Samsung Galaxy S III vs Motorola DROID RAZR MAXX

Introduction and Design
This is a short comparison review between the Samsung Galaxy S III and the Motorola DROID RAZR MAXX, both of which are available from Verizon Wireless. You can read our full in-depth review of the Samsung Galaxy S III here, and of the Motorola DROID RAZR MAXX here.


It’s been about 6 months since the Motorola DROID RAZR MAXX was released, and since then it has remained at the top of Verizon’s line-up. Not only because of its hardware and software, but because of its impressive 3300 mAh battery. Although it recently has been updated to Android Ice Cream Sandwich, it is not as “new and shiny” as it once was. Now enter the new Samsung Galaxy S III, also with Android ICS on board, but featuring a larger and higher resolution screen, not to mention a faster processor and more RAM. Oh, and did we forget to mention that the Samsung Galaxy S III is $199 and $249 on-contract for its 16GB and 32GB version, while the Motorola DROID RAZR MAXX with 16GB internal memory and 16GB memory card is still selling for $299. Let’s see how these two phones square-off.


Beauty is truly in the eye of the beholder, and that is the case when comparing the Samsung Galaxy S III next to the Motorola DROID RAZR MAXX. The Galaxy S III is more esthetically pleasing, with its sleek design and smooth curves, while the RAZR MAXX looks more utilitarian with a bold design and square corners. This also holds true to the way the devices feel in the hand– as the Galaxy S III has a plastic feel to it and is slippery to the touch, while the RAZR MAXX has a more “premium feel” as metal is used throughout, and the soft-touch coating on the Kevlar backing allows for a nice firm grip.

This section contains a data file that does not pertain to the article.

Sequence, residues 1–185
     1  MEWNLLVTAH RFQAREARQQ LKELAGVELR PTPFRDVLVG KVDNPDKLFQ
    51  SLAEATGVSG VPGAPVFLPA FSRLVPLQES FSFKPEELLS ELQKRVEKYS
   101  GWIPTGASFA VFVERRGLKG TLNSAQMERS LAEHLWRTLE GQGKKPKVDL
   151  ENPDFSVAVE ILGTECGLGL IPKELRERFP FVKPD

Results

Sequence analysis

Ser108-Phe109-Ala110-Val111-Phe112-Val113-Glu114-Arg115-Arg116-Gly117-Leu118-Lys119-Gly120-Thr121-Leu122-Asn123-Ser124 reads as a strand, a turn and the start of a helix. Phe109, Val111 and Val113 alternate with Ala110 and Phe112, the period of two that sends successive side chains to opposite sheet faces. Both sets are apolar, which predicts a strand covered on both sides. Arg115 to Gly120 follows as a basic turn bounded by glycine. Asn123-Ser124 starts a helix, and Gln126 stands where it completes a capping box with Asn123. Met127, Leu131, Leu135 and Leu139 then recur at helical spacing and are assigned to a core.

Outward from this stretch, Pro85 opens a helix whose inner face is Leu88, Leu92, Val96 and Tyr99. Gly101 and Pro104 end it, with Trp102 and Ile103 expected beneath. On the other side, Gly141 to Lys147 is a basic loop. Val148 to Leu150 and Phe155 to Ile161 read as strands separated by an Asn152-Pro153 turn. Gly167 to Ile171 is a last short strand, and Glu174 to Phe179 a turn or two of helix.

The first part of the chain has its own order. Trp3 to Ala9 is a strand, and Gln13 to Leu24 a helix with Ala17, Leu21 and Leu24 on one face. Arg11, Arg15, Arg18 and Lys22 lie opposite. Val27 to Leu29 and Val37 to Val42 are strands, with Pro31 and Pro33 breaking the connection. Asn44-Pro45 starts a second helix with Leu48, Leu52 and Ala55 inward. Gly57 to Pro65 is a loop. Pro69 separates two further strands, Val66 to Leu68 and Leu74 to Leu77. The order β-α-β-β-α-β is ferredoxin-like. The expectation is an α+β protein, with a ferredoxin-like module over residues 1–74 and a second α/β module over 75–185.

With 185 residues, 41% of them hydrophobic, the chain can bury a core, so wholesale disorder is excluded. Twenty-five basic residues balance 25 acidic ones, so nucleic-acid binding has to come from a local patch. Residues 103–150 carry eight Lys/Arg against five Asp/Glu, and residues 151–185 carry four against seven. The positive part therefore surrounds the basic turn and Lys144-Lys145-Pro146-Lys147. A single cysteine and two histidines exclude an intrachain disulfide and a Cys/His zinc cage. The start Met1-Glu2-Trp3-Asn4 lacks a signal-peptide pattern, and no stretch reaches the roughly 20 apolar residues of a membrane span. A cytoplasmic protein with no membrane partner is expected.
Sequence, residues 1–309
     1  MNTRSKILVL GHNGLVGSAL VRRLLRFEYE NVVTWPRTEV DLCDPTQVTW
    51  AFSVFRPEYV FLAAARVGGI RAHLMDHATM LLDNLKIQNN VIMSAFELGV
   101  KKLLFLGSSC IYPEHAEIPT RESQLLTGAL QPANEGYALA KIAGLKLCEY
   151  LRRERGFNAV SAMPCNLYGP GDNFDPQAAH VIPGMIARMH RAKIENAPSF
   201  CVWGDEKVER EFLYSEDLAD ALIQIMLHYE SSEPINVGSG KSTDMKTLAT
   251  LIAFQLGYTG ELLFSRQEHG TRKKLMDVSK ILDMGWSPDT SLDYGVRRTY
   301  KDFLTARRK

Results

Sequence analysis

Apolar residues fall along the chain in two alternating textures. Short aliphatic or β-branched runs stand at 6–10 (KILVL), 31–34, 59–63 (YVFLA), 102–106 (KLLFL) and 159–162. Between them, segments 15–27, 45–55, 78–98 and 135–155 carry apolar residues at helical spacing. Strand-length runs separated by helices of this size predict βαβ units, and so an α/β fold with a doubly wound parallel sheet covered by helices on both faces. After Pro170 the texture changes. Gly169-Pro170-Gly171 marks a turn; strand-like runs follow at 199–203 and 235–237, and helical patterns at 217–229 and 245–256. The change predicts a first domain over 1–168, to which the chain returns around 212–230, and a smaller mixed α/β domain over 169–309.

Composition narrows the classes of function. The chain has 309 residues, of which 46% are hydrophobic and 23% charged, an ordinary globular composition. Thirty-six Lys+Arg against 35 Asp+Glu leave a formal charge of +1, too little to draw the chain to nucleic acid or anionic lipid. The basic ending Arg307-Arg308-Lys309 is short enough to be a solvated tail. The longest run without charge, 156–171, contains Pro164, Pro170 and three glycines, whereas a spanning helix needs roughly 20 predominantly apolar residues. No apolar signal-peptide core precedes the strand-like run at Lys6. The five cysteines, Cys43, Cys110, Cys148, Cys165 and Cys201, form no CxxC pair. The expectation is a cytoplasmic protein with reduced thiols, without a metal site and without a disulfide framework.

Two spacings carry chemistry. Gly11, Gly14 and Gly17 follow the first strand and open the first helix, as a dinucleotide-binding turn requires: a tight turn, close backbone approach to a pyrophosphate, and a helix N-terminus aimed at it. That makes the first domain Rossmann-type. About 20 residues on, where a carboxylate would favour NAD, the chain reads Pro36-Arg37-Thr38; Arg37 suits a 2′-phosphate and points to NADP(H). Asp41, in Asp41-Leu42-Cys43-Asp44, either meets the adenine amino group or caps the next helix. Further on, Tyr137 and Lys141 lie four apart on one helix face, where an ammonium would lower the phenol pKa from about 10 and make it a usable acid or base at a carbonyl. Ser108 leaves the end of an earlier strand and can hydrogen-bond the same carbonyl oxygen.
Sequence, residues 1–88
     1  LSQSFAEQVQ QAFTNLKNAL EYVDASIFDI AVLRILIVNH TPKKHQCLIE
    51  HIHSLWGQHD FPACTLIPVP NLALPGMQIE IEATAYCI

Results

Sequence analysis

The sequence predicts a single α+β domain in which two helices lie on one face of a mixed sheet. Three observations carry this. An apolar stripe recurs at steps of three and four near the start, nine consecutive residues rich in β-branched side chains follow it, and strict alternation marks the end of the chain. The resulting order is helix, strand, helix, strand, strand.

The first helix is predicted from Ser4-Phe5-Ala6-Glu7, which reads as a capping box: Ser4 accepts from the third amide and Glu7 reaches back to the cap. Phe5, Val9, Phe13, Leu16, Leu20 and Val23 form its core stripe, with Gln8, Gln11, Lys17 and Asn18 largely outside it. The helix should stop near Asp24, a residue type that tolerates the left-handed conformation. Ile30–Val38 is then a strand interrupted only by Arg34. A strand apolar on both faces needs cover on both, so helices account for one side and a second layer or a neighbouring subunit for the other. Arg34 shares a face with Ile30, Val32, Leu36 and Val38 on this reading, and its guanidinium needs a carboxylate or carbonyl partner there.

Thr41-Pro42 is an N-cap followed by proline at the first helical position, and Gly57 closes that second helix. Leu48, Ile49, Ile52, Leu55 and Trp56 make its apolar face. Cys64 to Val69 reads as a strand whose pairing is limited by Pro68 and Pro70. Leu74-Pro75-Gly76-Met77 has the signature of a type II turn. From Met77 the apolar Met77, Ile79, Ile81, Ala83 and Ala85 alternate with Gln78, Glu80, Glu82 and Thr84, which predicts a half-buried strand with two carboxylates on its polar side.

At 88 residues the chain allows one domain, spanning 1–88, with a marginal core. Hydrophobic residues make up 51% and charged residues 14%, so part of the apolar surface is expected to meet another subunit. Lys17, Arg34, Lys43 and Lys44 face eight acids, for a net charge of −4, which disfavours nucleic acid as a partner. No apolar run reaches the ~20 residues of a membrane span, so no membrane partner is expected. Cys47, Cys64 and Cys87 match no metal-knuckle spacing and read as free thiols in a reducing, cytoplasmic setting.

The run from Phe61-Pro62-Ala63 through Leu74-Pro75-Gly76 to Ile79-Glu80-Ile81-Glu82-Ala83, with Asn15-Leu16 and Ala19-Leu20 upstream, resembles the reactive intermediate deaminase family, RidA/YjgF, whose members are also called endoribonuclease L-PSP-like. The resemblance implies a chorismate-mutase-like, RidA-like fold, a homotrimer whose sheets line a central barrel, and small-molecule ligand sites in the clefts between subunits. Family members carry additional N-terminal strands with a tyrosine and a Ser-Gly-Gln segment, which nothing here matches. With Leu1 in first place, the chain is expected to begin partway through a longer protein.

Despite those differences, both phones felt comfortable in our hand, and their overall size difference is negligible, but we could easily tell that the RAZR MAXX was a slightly heavier, coming in at 5.1 oz, with the Galaxy S III at 4.7 oz.

One interesting aspect of the Galaxy S III is that Samsung is using a physical Home button, along with touch-sensitive buttons for Menu Options and Back. The Home button on the Galaxy S III isn’t intrusive, and actually comes in handy, as it can wake-up the phone, instead of pressing the Power/Unlock button on the side.

The location of the microSIM and microSD memory card slot on the RAZR MAXX is tucked away under a flip-door on the left edge, which allows for easier access than having to remove the rear cover on the Galaxy S III.


One of the most noticeable difference between the Samsung Galaxy S III and the Motorola DROID RAZR MAXX is the display. Even though both are Super AMOLED and use a PenTile Matrix, the screen on the Galaxy S III is larger at 4.8” and has an HD resolution of 720x1280 (306 ppi), while the one on the RAZR MAXX is 4.3” with a qHD resolution of 540x960 (256 ppi). Images look great on both, with fully saturated colors and good viewing angles, but the extra resolution on the Galaxy S III is more noticeable when viewing videos or web page text, as it looks nice and sharp, instead of some noticeable jagged edges when viewed on the RAZR MAXX.

When we took the phones outside, the Galaxy S III was easier to view as it doesn’t reflect as much sunlight as the RAZR MAXX.

Between the two, we enjoyed the display on the Samsung Galaxy S III more, due to its larger size, higher resolution and better visibility outdoors.

Samsung Galaxy S III 360-degrees View:

Motorola DROID RAZR MAXX 360-degrees View:

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